Asthma Management Handbook

Cultural and psychosocial considerations when providing care for Aboriginal and Torres Strait Islander people

Recommendations

Health professionals should ensure that they and their staff have information and training on how to provide culturally secure care to Aboriginal and Torres Strait Islander people.

How this recommendation was developed

Consensus

Based on clinical experience and expert opinion (informed by evidence, where available).

Where appropriate and possible, work with an interpreter who speaks the person’s first language.

How this recommendation was developed

Consensus

Based on clinical experience and expert opinion (informed by evidence, where available).

More information

Culturally secure asthma care for Aboriginal and Torres Strait Islander people

Primary care services can aim to deliver healthcare that is culturally secure. However, only the Aboriginal or Torres Strait Islander person themselves can determine whether their care is culturally safe or respectful.1

Making the healthcare system a secure environment for Aboriginal and Torres Strait Islander peoples involves cultural respect, which involves not only respecting cultural difference but recognition, protection and continued advancement of the inherent rights, cultures and traditions of Aboriginal and Torres Strait Islander peoples.2

Cultural awareness (or ‘cultural sensitivity’) among individual health professionals involves sensitivity to the similarities and differences between different cultures to enable effective communication with members of another cultural group.3

Training in cultural awareness and  ‘cultural safety’ is available for non-Indigenous health professionals who provide healthcare for Aboriginal and Torres Strait Islander people.

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Involvement of Aboriginal and/or Torres Strait Islander health workers and health practitioners in asthma care

Aboriginal and Torres Strait Islander health workers and Aboriginal and Torres Strait Islander health practitioners can provide self-management education for people with asthma and parents of children with asthma. Culture-specific programs may be more appropriate than mainstream programs for Aboriginal and Torres Strait Islander people.4

An education program (three sessions) conducted by Aboriginal and Torres Strait Islander health workers in primary health care in  the Torres Strait region reduced the number of school days missed due to wheezing among school-aged children, and increased carers’ knowledge of asthma, the contents of the child’s written asthma action plan, and where the written asthma action plan was kept.5 However, it did not reduce the rate of asthma flare-ups, compared with children whose families did not participate.5

Aboriginal and Torres Strait Islander health workers and practitioners can provide health care services that are reimbursable through Medicare.67

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References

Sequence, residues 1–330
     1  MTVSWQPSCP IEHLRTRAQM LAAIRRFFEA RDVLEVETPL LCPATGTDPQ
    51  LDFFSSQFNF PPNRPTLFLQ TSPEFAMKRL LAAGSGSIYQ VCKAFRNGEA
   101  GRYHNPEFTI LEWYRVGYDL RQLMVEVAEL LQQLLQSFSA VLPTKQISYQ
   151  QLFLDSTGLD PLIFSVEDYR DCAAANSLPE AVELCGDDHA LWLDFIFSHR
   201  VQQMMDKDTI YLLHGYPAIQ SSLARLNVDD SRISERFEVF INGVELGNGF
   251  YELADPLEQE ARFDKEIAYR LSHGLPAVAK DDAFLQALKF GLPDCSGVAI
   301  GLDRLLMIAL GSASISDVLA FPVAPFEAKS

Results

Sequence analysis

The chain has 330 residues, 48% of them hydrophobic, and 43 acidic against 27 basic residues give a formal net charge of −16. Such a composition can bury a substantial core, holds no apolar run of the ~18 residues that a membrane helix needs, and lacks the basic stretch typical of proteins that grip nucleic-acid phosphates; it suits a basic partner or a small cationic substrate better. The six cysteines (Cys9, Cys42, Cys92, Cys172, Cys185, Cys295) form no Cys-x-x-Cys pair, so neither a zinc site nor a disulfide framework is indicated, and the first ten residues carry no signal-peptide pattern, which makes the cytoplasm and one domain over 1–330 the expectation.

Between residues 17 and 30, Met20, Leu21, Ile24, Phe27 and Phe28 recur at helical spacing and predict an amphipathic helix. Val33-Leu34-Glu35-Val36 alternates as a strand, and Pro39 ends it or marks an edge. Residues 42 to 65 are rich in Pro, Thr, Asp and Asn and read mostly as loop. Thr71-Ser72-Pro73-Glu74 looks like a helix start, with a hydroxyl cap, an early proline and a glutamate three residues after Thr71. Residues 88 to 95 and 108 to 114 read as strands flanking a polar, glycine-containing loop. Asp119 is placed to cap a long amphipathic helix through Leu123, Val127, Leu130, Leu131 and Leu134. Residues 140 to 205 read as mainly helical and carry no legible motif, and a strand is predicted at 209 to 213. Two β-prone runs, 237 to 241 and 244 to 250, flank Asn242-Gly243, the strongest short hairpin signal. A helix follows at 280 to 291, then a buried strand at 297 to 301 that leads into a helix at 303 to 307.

1. National Aboriginal Community Controlled Health Organisation. Creating the NACCHO Cultural Safety Training Standards and Assessment process. A background paper. National Aboriginal Community Controlled Health Organisation, Canberra, 2011. Available from: http://www.naccho.org.au/promote-health/cultural-safety/
  2. Australian Health Ministers' Advisory Council Standing Committee for Aboriginal and Torres Strait Islander Health Working Party. Cultural respect framework for Aboriginal and Torres Strait Islander health, 2004 -2009. Department of Health South Australia, Adelaide, 2004. Available from: http://www.sapo.org.au/pub/pub2142.html
  3. Thomson N. Cultural respect and related concepts: a brief summary of the literature. Australian Indigenous Health Bulletin. 2005; 5: 1-11. Available from: http://archive.healthinfonet.ecu.edu.au/html/htmlbulletin/bull54/reviews/bulletinreviewsthomson.htm
  4. Bailey EJ, Cates CJ, Kruske SG, et al. Culture-specific programs for children and adults from minority groups who have asthma. Cochrane Database Syst Rev. 2009; Issue 2: CD006580. Available from: http://onlinelibrary.wiley.com/doi/10.1002/14651858.CD006580.pub4/full
  5. Valery PC, Masters IB, Taylor B, et al. An education intervention for childhood asthma by Aboriginal and Torres Strait Islander health workers: a randomised controlled trial. Med J Aust. 2010; 192: 574-9. Available from: https://www.mja.com.au/journal/2010/192/10/education-intervention-childhood-asthma-aboriginal-and-torres-strait-islander
  6. Australian Government Department of Health. Chronic Disease Management (CDM) Medicare Items. Australian Government, Canberra, 2013. Available from: http://www.health.gov.au/internet/main/publishing.nsf/Content/mbsprimarycare-chronicdiseasemanagement
  7. Australian Government Department of Health and Ageing. Medicare Health Assessment for Aboriginal and Torres Strait Islander People. Australian Government, Canberra, 2013. Available from: http://www.health.gov.au/internet/main/publishing.nsf/Content/mbsprimarycareATSIMBSitem715